Visa Applicant Fraud Warning
Visa applicants are advised to be cautious in all dealings with companies that claim to offer any assistance in obtaining U.S. visas. There are many websites which attempt to mislead customers and members of the public into thinking they are official U.S. government websites. Many may have a U.S. flag or picture of an official U.S. Government building or famous U.S. person to mislead you into believing that the website is sponsored by the U.S. Government, when they are not. They may attempt to require you to pay for services such as forms and information about immigration procedures, which are otherwise free on the Department of State Visa Services Website, or overseas through the Embassy Consular Section Websites. Additionally, they may require you to pay for services you will not receive by contacting you by email to take advantage of their false offer to get a U.S. Visa.
If you are seeking a U.S. visa or service, we strongly recommend that you read the Department of State's fraud warning on imposter or fraudulent websites, emails and advertisements before proceeding.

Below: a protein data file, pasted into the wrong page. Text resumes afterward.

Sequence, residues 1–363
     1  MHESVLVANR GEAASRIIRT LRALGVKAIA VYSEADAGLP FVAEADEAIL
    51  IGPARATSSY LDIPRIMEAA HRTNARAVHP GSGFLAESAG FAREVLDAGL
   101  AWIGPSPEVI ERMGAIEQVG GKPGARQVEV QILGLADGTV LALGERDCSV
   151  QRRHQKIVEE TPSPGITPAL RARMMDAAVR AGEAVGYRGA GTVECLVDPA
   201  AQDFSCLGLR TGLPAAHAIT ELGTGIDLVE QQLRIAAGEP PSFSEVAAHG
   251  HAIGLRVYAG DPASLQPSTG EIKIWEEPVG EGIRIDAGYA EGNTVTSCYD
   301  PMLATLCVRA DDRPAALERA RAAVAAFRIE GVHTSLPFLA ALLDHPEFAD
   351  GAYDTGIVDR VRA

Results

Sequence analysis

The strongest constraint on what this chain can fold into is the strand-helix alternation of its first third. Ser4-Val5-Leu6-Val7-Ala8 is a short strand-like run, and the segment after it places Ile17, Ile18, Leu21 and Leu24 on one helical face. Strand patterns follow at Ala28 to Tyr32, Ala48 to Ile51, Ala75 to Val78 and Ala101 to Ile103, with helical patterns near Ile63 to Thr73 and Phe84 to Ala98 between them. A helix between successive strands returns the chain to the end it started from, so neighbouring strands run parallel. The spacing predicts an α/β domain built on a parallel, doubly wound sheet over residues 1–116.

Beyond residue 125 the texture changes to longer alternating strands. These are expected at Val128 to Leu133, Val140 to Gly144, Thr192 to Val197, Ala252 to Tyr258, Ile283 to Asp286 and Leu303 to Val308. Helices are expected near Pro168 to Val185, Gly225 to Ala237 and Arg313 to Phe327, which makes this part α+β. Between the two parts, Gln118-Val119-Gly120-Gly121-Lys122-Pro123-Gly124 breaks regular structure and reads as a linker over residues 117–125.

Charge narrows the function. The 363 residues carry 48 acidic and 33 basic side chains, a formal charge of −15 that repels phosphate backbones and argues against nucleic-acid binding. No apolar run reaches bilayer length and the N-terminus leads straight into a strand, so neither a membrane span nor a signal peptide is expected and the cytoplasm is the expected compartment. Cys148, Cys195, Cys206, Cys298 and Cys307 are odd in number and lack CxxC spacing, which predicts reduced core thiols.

DV Lottery Fraud Warning
If you have
received an email notifying you that your application for the Diversity
Visa Program has been successful and that in order to proceed with your
application you are required to send money to a named individual at
the U.S. Embassy in London, you are a victim of a scam.
You will never be asked to send money to the Embassy in London or any other U.S. Embassy by mail or by services such as Western Union.
Official notification of selection will be made on line through the Entry Status Check on the E-DV website.
Internet Financial Scams
Internet Financial Scams
We receive inquiries every day from people who have been defrauded for hundreds and sometimes thousands of dollars by internet contacts they thought were their friends or loved ones. Internet scams are attempts by con artists to convince you to send them money. These fraudulent schemes can include lotteries, on-line dating services, inheritance notices, work permits/job offers, bank overpayments, or even make it appear that you are helping a friend in trouble. Click here for further information.
Internet Fraud And The Armed Forces
The Defense Attaché Office (DAO) regularly receives inquiries from people who have established an online relationship with someone who is purportedly a member of the U.S. Armed Forces and they have been asked to send this service member money. In many cases, the money has already been sent and the inquirer is seeking to verify if this is standard practice in the U.S. Armed Forces. Unfortunately, in every situation presented to the DAO thus far, it has turned out to be an internet fraud. Click here for further information.